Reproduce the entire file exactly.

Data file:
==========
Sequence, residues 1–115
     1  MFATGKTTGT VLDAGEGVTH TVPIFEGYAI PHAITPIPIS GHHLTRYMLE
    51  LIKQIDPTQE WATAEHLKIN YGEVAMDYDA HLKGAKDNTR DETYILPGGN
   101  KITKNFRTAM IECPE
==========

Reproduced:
Sequence, residues 1–115
     1  MFATGKTTGT VLDAGEGVTH TVPIFEGYAI PHAITPIPIS GHHLTRYMLE
    51  LIKQIDPTQE WATAEHLKIN YGEVAMDYDA HLKGAKDNTR DETYILPGGN
   101  KITKNFRTAM IECPE